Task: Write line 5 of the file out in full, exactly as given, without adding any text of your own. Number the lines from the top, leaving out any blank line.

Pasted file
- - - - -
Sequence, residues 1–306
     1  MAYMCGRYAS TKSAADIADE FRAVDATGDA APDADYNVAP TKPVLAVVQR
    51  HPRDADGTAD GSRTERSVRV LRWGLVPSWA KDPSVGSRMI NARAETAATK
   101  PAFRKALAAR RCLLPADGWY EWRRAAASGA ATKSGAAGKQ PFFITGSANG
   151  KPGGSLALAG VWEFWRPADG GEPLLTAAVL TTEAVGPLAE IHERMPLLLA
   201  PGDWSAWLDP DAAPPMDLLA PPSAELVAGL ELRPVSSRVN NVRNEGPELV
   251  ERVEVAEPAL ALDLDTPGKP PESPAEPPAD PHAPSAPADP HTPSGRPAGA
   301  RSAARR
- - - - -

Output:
   151  KPGGSLALAG VWEFWRPADG GEPLLTAAVL TTEAVGPLAE IHERMPLLLA